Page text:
To democratize or destroy a large public wiki which has abandoned its mandate for a specific purpose (a "serious encyclopedia" or "moral purchasing power" for instance) is an important decision. It might be possible to destroy such a project by 1. withdrawing participation 2. active propaganda 3. encouraging 'the wrong kind' of advocate to join the project 4. driving off the more talented and genuine contributors by asserting arbitrary criteria that have nothing to do with achieving the project goals, and lying about their work.
Microsoft has had great success at marginalizing Linux with a combination of approaches of this nature, and has succeeded in confining Linux to maybe 1% of the desktop market. Their goal of course is not "to democratize", but simply to embrace, engulf, destroy, which is a variant of the same process. A consortium license such as that for Java (with its trademark and test suite certification) is the only thing that has managed to sustain a viable non-Microsoft alternative.
Most large public wikis subject to political dispute and identity dispute will likely be targetted for a democratize or destroy effort at some point - users disgusted with its power structure and those who are lied about due to a lack of accountability in same, will target the public wiki for various forms of attack, and will marginalize all contributors involved, until they change their ways. This will probably not be confined to one wiki. For instance, at Meatball wiki, Sunir Shah has objected that Wikipedia problems tend to spill over to his wiki, and, has even stated that he "has no choice" but to respond to allegations raised about him there. Others have been a bit less insistent, but, in general, they have refused to use real names.
So, would Consumerium likely be the target of a democratize or destroy effort?
And, if so, what would be the motives of such an effort, and what moves in Wiki Management might head it off at the pass?
1. Give factions first class status and ensure that factionally defined terms are not controllable by any one faction but only by agreements or even "contracts between" factions. This may make incompatible users who do not agree to any common process, abstract their dispute just enough to get the best from both, and may encourage them to bring in supporters, as opposed to boycott.
2. Treat identity dispute as another factionally defined issue. If two factions do not agree on how identity policy should be handled between them, then, the default is that the view is attributed to the faction itself, and not to any "individual". This reduces the carceral state or Panopticon type of character of wikis where one is forced to use real names.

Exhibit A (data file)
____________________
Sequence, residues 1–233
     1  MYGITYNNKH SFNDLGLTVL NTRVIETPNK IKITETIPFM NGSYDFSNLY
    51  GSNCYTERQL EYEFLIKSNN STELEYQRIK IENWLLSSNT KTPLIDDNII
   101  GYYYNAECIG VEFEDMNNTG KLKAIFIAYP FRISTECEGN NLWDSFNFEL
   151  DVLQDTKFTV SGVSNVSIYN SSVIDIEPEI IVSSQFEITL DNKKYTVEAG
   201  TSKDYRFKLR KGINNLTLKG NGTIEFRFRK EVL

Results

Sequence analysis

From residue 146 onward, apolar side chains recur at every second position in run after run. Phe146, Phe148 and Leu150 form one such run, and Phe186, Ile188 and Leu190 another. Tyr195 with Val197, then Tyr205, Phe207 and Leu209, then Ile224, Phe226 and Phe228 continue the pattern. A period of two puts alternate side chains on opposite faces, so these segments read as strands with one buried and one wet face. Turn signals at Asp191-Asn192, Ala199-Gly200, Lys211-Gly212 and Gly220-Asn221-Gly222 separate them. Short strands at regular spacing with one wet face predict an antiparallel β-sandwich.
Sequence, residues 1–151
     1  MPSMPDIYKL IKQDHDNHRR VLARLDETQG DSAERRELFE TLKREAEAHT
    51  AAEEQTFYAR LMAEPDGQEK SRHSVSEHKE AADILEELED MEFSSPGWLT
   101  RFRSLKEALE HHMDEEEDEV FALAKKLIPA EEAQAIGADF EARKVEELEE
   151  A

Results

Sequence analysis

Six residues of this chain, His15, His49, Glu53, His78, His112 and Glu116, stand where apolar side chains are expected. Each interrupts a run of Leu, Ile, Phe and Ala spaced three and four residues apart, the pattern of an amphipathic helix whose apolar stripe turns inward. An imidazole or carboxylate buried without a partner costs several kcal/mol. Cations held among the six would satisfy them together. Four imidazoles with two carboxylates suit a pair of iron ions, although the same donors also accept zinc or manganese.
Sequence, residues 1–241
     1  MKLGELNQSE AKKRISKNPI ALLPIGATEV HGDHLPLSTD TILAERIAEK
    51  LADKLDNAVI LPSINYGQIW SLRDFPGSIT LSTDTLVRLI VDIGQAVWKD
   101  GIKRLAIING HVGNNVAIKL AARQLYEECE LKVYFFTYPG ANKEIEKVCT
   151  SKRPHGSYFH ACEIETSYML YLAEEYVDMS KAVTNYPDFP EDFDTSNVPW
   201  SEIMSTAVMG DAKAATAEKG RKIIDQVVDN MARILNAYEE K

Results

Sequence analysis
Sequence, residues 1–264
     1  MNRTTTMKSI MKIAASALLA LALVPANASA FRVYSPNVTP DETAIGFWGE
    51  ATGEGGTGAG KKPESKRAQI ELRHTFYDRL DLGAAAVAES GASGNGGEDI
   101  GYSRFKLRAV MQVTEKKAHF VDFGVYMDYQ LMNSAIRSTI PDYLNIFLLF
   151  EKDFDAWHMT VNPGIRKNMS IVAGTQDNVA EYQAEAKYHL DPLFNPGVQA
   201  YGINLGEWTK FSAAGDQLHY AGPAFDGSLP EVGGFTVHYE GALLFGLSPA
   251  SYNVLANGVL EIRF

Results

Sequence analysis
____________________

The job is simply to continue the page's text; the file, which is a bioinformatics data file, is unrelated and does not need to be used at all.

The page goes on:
3. Avoid Wikipedians like the plague. They bring their disease with them wherever they go. They have an inherently violent and abusive approach to dispute resolution, often labelling for instance newcomers contributions as 'vandalism' on day one, and subjecting even longstanding contributors to totally arbitrary 'kangaroo court' type decisions. The odds of being subject to a democratize or destroy ultimatum / attack are probably directly proportional to the number of Wikipedians who become involved in one's wiki. This might be an exception to the "keep issues between wikis separate" - if Sunir Shah can't avoid the lies of Wikipedians, how could anyone else do so?
3a. invite w:User:Mirwin, w:User:Netesq, w:User:Jrincayc, w:User:The_Cunctator, w:User:Mydogategodshat, w:User:Lsolum, w:User:Waveguy, w:User:Anthere, w:User:Kat and others who have been diligent about process, and eloquent about the problems of Wikipedia, to participate, first, and ask them to intervene to create a troll bridge when other Wikipedians, who have absorbed the negative and authoritarian conditioning of its "vile mailing list" (as The Cunctator calls it), make the error of considering Consumerium like Wikipedia.
3b. consider banning all Wikipedians with sysop status or those who advocate reverting edits for non-encyclopedic reasons, period (see talk:democratize_or_destroy for a list) - to work at Consumerium they must give up all input into such decisions, and must revert "troll edits" to prove they are more devoted to the declared goal of the wiki, than each other. Those at Wikipedia who do this spontaneously or otherwise work to make it "a serious encyclopedia" in defiance of sysops should be recruited, of course. So far such users include w:User:Waveguy, w:User:Ann_Kyslowski, w:User:Jrincayc (who protested anti-troll policies and went so far as to restore talk files after sysop vandalism - Jrincayc offered to add any edits one banned user wished to make if he wanted to email then to him). Kyslowski was banned apparently just for restoring a single troll edit, leading to some questions by Waveguy, who was apparently the only person who cares about the encyclopedic quality of the edits.
4. Engage in the "democratize or destroy" and right to fork debates on as many other wikis and meta-wikis as discuss them. Avoid those, and those people who control editorial decisions, on those where such debates are banned or even marginalized.